Apple Criticized Over Worker Conditions at China iPhone Plant

Criticism of Apple has grown on social media, after thousands of factory workers joined protests at Foxconn's flagship iPhone plant in China on Wednesday, with some of them violently clashing with riot police officers.

"Oh noes, how can they do it to this poor Apple company worth >2.3 trillion dollars in market cap, with over $40 billions of cash on hand, they will go out of business if they would agree with Foxconn to raise the wages and improve working conditions," commented a Twitter user.

"Further cements my loyalty to a different phone manufacturer. Apple is evil for staying silent," wrote another.

China Apple
Customers line up at an Apple Store to pickup their orders of the new iPhone 14 on September 16, 2022 in Wuhan, Hubei, China. Apple is coming under fire for the violent protests that erupted earlier this week at one of the world's largest iPhone's assembly plants in China. Getty Images

In a rare show of open dissent in China, workers at Foxconn's iPhone plant in the central city of Zhengzhou—the capital of Henan province—left the factory to protest over a delay in the payment of bonuses for new hires, better working and living conditions, and COVID safety measures.

In October, the Zhengzhou plant was hit by a COVID outbreak that forced it into a complete lockdown and led to an exodus of workers. Now, the plant is again scheduled to go into partial lockdown from midnight on Friday until midnight on November 29 to curb rising infections.

The demonstrations, which started outside of the workers' dormitories on Wednesday, saw protesters violently clashing with police before starting to quieten down late into the night.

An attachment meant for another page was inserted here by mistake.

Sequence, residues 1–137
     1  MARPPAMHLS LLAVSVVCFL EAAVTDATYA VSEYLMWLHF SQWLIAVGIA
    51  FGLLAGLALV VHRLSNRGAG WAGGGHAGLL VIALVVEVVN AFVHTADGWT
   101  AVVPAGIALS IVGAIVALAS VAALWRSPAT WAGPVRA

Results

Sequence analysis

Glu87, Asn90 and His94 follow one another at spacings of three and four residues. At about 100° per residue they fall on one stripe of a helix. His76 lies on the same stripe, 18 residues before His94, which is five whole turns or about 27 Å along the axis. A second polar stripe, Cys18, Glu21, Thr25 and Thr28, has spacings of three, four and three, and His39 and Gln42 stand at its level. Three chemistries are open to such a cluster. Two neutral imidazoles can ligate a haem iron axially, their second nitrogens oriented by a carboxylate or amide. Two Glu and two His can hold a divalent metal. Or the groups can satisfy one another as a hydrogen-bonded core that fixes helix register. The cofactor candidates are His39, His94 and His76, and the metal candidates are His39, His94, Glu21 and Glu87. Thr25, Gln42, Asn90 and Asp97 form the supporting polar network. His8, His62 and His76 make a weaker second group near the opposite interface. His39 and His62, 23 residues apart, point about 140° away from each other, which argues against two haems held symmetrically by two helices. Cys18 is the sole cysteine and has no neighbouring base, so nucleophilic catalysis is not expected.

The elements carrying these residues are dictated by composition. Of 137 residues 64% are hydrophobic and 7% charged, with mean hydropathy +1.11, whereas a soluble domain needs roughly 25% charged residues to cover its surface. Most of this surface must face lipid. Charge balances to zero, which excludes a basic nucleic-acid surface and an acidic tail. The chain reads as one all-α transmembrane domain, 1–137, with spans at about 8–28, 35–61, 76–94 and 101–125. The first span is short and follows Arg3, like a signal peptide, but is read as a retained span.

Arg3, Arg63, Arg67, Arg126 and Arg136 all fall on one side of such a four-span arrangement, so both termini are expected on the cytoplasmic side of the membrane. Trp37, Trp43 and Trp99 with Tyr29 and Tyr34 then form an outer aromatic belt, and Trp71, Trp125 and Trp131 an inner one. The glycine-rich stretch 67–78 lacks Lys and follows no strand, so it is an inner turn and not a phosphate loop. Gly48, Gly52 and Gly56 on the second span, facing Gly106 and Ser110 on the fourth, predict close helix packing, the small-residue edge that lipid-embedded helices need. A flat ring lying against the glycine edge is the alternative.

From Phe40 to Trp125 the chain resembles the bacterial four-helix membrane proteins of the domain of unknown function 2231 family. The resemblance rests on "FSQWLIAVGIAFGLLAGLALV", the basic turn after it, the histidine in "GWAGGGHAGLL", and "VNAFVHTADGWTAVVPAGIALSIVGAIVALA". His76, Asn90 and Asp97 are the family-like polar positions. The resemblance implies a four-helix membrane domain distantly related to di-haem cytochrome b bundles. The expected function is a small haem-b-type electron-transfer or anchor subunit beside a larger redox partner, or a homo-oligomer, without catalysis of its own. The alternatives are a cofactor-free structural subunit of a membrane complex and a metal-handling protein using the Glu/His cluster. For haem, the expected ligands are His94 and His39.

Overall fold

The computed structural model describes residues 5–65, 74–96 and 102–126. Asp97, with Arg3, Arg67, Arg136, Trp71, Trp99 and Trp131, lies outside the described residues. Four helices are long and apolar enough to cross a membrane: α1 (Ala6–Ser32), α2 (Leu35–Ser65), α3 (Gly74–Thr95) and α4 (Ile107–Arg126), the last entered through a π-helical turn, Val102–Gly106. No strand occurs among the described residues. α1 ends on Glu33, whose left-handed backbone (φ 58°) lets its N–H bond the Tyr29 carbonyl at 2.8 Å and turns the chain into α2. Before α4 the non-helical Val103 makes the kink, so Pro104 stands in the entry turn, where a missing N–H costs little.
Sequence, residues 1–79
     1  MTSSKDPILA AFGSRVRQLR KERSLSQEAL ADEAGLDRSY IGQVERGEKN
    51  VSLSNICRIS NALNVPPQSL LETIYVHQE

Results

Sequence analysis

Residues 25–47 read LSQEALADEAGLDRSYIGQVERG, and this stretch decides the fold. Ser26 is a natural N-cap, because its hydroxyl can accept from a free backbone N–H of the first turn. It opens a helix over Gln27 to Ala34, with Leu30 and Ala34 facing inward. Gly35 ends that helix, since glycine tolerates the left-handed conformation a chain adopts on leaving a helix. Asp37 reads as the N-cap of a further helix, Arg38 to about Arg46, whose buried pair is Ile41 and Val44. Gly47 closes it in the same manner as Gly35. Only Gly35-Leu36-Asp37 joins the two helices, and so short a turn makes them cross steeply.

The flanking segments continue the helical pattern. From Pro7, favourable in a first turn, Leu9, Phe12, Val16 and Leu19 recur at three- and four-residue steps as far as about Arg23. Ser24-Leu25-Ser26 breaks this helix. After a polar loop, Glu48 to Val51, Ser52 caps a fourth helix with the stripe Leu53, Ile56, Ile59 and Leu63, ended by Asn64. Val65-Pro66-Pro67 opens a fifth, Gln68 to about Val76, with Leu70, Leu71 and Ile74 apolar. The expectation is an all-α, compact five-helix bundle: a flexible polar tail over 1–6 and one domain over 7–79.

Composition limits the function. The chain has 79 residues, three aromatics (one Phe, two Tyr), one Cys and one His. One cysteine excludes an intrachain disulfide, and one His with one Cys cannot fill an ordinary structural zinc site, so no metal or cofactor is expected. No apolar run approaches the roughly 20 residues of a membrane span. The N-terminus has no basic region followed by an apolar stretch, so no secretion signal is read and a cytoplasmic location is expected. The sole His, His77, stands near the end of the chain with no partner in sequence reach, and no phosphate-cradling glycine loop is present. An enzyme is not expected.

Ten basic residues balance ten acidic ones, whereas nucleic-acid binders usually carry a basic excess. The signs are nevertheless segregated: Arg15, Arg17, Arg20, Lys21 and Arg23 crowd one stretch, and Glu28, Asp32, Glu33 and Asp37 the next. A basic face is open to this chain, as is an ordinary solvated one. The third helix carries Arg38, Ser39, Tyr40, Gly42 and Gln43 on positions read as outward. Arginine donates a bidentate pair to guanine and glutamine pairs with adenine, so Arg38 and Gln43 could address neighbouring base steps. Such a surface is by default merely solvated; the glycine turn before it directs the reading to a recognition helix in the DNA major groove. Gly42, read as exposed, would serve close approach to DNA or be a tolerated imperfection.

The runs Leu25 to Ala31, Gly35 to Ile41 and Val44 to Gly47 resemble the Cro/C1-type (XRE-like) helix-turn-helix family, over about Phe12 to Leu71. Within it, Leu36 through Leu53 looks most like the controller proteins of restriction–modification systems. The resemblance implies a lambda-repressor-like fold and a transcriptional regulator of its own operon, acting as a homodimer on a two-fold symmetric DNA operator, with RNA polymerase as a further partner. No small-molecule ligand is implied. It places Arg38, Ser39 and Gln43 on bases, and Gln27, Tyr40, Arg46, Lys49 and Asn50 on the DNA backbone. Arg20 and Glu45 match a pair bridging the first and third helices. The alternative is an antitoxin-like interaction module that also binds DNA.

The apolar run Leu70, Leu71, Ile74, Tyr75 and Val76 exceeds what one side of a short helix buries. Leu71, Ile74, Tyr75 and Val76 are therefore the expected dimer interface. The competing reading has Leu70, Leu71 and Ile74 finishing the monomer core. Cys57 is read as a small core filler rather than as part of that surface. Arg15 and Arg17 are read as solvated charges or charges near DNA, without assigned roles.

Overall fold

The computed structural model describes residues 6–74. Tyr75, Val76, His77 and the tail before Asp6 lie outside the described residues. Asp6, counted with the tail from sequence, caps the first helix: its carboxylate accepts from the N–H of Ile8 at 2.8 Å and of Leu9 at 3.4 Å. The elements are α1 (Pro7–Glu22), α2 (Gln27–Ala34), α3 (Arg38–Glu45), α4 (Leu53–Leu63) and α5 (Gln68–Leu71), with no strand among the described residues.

On the same day, Foxconn reportedly offered 10,000 Chinese yuan ($1,400) to appease disgruntled migrant workers who wished to leave "iPhone city," providing them with free transportation home.

The Taiwanese company also said in a statement that delayed bonuses were due to a "technical error" in its hiring system, apologizing to workers after first claiming that they had fulfilled their payment contracts, as reported by Reuters.

"Regarding any violence, the company will continue to communicate with employees and the government to prevent similar incidents from happening again," the company said in the same statement.

Apple, on the other hand, told the New York Times that it was "reviewing the situation" and was working with Foxconn "to ensure their employees' concerns are addressed."

But the statement seems far from appeasing critics.

"Funny, how these companies raking in Billions never err in favor of the workers, only against them. Whoopsie," wrote a Twitter user on Thursday.

"That's how Americans work, they build factories in other countries and under pay its citizens," wrote another.

Newsweek has contacted Apple for comment.

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